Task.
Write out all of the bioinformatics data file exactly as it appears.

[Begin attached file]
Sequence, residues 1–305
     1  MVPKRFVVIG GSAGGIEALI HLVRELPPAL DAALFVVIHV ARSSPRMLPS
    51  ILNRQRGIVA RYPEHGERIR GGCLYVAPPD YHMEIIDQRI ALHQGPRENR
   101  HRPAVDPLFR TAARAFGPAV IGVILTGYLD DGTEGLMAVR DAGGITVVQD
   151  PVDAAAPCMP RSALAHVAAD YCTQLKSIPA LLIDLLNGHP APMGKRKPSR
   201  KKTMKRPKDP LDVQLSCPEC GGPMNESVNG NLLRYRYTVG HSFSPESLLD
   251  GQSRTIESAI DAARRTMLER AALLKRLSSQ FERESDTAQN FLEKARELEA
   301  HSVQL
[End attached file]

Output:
Sequence, residues 1–305
     1  MVPKRFVVIG GSAGGIEALI HLVRELPPAL DAALFVVIHV ARSSPRMLPS
    51  ILNRQRGIVA RYPEHGERIR GGCLYVAPPD YHMEIIDQRI ALHQGPRENR
   101  HRPAVDPLFR TAARAFGPAV IGVILTGYLD DGTEGLMAVR DAGGITVVQD
   151  PVDAAAPCMP RSALAHVAAD YCTQLKSIPA LLIDLLNGHP APMGKRKPSR
   201  KKTMKRPKDP LDVQLSCPEC GGPMNESVNG NLLRYRYTVG HSFSPESLLD
   251  GQSRTIESAI DAARRTMLER AALLKRLSSQ FERESDTAQN FLEKARELEA
   301  HSVQL